This cohort study by Gayat et al was published in the journal “Critical Care”.
Background: Intensive care unit (ICU) survivors have reduced long-term survival compared to the general population. Identifying parameters at ICU discharge that are associated with poor long-term outcomes may prove useful in targeting an at-risk population. The main objective of the study was to identify clinical and biological determinants of death in the year following ICU discharge.
Methods: FROG-ICU was a prospective, observational, multicenter cohort study of ICU survivors followed 1 year after discharge, including 21 medical, surgical or mixed ICUs in France and Belgium. All consecutive patients admitted to intensive care with a requirement for invasive mechanical ventilation and/or vasoactive drug support for more than 24 h following ICU admission and discharged from ICU were included. The main outcome measure was all-cause mortality at 1 year after ICU discharge. Clinical and biological parameters on ICU discharge were measured, including the circulating cardiovascular biomarkers N-terminal pro-B type natriuretic peptide, high-sensitive troponin I, bioactive-adrenomedullin and soluble-ST2. Socioeconomic status was assessed using a validated deprivation index (FDep).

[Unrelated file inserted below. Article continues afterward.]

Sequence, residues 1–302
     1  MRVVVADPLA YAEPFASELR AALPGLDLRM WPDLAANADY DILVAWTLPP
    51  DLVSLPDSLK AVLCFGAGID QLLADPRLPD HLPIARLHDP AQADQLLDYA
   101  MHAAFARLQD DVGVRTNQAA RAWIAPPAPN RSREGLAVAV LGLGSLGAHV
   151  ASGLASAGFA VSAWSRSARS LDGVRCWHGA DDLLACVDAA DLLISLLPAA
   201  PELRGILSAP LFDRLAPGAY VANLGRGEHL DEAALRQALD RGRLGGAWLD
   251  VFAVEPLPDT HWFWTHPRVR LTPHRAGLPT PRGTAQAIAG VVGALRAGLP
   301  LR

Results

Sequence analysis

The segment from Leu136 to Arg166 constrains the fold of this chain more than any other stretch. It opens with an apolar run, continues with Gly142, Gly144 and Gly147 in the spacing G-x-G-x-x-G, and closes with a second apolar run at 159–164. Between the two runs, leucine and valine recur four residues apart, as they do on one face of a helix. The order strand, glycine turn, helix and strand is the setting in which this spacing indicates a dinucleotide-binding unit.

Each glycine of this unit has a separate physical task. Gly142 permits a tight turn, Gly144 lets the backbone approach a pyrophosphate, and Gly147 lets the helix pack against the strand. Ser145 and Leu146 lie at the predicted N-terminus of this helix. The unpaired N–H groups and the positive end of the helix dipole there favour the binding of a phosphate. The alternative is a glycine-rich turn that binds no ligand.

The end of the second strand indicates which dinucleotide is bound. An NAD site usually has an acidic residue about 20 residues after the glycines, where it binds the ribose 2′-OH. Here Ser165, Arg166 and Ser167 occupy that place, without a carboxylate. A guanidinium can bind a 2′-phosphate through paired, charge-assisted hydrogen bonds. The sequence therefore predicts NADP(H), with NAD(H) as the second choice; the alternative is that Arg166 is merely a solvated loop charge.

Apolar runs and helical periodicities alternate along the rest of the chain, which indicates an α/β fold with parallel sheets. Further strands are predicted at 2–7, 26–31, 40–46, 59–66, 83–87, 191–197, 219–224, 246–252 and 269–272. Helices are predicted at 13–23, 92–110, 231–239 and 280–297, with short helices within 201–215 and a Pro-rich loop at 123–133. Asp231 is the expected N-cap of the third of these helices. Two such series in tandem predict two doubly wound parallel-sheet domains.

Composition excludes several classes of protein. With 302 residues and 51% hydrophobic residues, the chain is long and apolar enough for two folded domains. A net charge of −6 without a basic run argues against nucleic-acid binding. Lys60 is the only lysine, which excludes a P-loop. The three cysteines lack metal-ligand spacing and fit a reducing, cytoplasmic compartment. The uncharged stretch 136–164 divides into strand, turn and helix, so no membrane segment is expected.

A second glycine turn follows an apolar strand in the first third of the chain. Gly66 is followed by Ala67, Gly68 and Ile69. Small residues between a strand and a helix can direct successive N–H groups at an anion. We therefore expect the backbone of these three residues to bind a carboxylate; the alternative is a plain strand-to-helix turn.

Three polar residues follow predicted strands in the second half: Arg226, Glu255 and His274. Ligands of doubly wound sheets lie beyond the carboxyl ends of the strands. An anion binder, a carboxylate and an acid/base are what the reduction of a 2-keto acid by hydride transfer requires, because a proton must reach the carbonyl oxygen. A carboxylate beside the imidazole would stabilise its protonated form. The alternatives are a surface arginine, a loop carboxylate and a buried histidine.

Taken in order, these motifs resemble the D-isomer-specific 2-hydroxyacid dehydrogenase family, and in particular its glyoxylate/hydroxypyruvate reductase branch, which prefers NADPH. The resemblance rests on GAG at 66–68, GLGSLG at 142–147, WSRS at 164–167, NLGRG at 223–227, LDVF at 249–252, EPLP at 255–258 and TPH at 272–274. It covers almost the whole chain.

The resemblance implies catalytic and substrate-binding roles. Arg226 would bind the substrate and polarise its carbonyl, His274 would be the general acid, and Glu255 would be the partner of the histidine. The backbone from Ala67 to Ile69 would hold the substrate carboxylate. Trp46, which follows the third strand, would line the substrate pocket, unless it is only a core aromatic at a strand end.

Results: Of 1570 patients discharged alive from the ICU, 333 (21%) died over the following year. Multivariable analysis identified age, comorbidity, red blood cell transfusion, ICU length of stay and abnormalities in common clinical factors at the time of ICU discharge (low systolic blood pressure, temperature, total protein, platelet and white cell count) as independent factors associated with 1-year mortality. Elevated biomarkers of cardiac and vascular failure independently associated with 1-year death when they are added to multivariable model, with an almost 3-fold increase in the risk of death when combined (adjusted odds ratio 2.84 (95% confidence interval 1.73-4.65), p < 0.001).
Conclusions: The FROG-ICU study identified, at the time of ICU discharge, potentially actionable clinical and biological factors associated with poor long-term outcome after ICU discharge. Those factors may guide discharge planning and directed interventions.